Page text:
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Member Since 2002

  • 3 reviews
  • 7 ratings
  • 709 titles in library
  • 34 purchased in 2014

  • Darwin's Radio

    • UNABRIDGED (17 hrs and 15 mins)
    • By Greg Bear
    • Narrated By George Guidall
    • Whispersync for Voice-ready

    In a cave high in the Alps, a renegade anthropologist discovers a frozen Neanderthal couple with a Homo sapiens baby. Meanwhile, in southern Russia, the U.N. investigation of a mysterious mass grave is cut short. One of the investigators, molecular biologist Kaye Lang, returns home to the U.S. to learn that her theory on human retroviruses has been verified with the discovery of SHEVA, a virus that has slept in our DNA for millions of years and is now waking up.

    Paul Krasner says: "Really good science fiction"
    "Good SF. Disappointing naration."

    I really enjoyed the book conceptually. Obviously the author is well versed in the science of genetics and evolution, reminiscent of Crichton. There are good fictional twists that are thought provoking and written convincingly. The long stretches of hard sceince naration might put some people off. I actually enjoyed them, but I am in the field. Bear's character development and dialog is much better than most hard SF writers, but certainly not as good as a more literary SF writer like Margaret Atwood or Ursula LaGuin. The main thing that I found irritating was the narrators reading of the material. There were many times when the author actually states in the text that a character delivers a line in a specific way and the reader doesn't read the line that way. I repeatedly found myself saying that I would have read that character very differently in my own mind if I were reading this book than the narrator did, and it would have made it more compelling and enjoyable.

    12 of 18 people found this review helpful
  • Blindness

    • UNABRIDGED (12 hrs and 36 mins)
    • By Jose Saramago
    • Narrated By Jonathan Davis
    • Whispersync for Voice-ready

    A city is hit by a sudden and strange epidemic of "white blindness", which spares no one. Authorities confine the blind to an empty mental hospital, but there social conventions quickly crumble and the struggle for survival brings out the worst in people.

    Cora Judd says: "Dark"

    Saramago is a Nobel laureate, so I think we have to credit him with having insight worthy of our attention. Blindness is a powerful parable, but I think it has to be read as a surrealistic allegory rather than any attempt to portray the situation as it might actually occur in the real world. I agree with the reviewer that pointed out that this parable is much more accessible in the oral than in the visual format. The endless run-on sentences and lack of proper names makes the reading hard to follow, but as a narrative, it isnt so bad. Maybe this was the intention of Saramago. In the story he has the blind listening to readings from the only sighted individual as their only source of entertainment, and he may have intended this as a more powerful verbal parable that a written one. I am an ophthalmologist myself, I found this story to be an intriguing thought experiment, but I was waylaid by the fact that the author made no attempt, or possibly consciously avoided the attempt, to make the story scientifically plausible. There are so many incongruous elements in time and space, its like a Dali painting. For instance he talks about the doctors wife being distraught about not winding her watch. The last time I had to wind my watch was probably in the 1960s, and then he talks later about computers functioning the water system. The ophthalmologist talks about ordering an encephalogram , which we havent used since the 1970s, instead of a CT scan or MRI. He also talks about how the blind stop gesticulation when they talk. But people with acquired blindness have their gesticulations programmed into their extrapyramidal system and never loose that habit. Did he intentionally ignore present day science so as to make the story more surrealistic, or is he a lazy Nobel laureate researcher?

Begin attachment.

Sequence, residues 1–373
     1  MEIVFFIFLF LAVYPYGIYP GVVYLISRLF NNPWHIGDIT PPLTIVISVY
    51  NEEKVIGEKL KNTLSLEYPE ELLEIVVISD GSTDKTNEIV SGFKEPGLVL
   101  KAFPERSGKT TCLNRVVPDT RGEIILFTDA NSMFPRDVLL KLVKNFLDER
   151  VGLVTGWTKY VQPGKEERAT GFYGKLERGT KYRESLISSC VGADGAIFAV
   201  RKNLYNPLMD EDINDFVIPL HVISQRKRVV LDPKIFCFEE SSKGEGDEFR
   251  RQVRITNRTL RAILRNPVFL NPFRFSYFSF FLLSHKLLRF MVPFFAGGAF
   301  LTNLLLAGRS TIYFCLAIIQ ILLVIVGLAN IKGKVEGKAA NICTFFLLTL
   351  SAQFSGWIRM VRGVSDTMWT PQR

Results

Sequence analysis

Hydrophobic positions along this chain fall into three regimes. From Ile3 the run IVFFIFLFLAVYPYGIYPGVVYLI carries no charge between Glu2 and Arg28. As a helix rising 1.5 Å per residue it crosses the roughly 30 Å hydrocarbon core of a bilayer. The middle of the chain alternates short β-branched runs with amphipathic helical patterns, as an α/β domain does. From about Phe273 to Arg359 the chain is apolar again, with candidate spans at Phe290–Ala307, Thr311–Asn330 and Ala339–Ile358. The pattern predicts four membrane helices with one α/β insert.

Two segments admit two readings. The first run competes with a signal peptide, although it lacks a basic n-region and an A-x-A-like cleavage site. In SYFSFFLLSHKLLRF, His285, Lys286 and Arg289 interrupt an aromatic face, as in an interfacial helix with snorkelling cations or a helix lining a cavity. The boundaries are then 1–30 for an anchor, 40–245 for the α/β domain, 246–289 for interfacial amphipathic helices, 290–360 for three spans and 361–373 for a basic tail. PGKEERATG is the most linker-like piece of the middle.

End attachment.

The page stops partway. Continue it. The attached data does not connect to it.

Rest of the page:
I thought it was a provocative read, intriguing and thought provoking. But dont expect Crichton. Think Lord of the Flies by Gabriel Garcia Marquez.

    19 of 21 people found this review helpful
  • The Amulet of Samarkand: The Bartimaeus Trilogy, Book 1

    • UNABRIDGED (13 hrs and 30 mins)
    • By Jonathan Stroud
    • Narrated By Simon Jones
    • Whispersync for Voice-ready

    Nathaniel is eleven-years-old and a magician's apprentice, learning the traditional art of magic. All is well until he has a life-changing encounter with Simon Lovelace, a magician of unrivaled ruthlessness and ambition. When Lovelace brutally humiliates Nathaniel in public, Nathaniel decides to speed up his education, teaching himself spells far beyond his years. With revenge on his mind, he masters one of the toughest spells of all and summons Bartimaeus, a five-thousand-year-old djinni, to assist him.

    Randy says: "Terrific Trilogy"
    "Impressive start to the trilogy"

    I'm not a big fantasy fan. I listened to this book to see if my 10 year old son would like it. I was captivated by it. The author has a great sense of humor and good character development. The story was compelling. It was a lot like the X-files, it took a lot of previously used ideas and packaged them in an exciting story with high production values.I'm looking forward to volume 2, and so is my son.

    2 of 2 people found this review helpful

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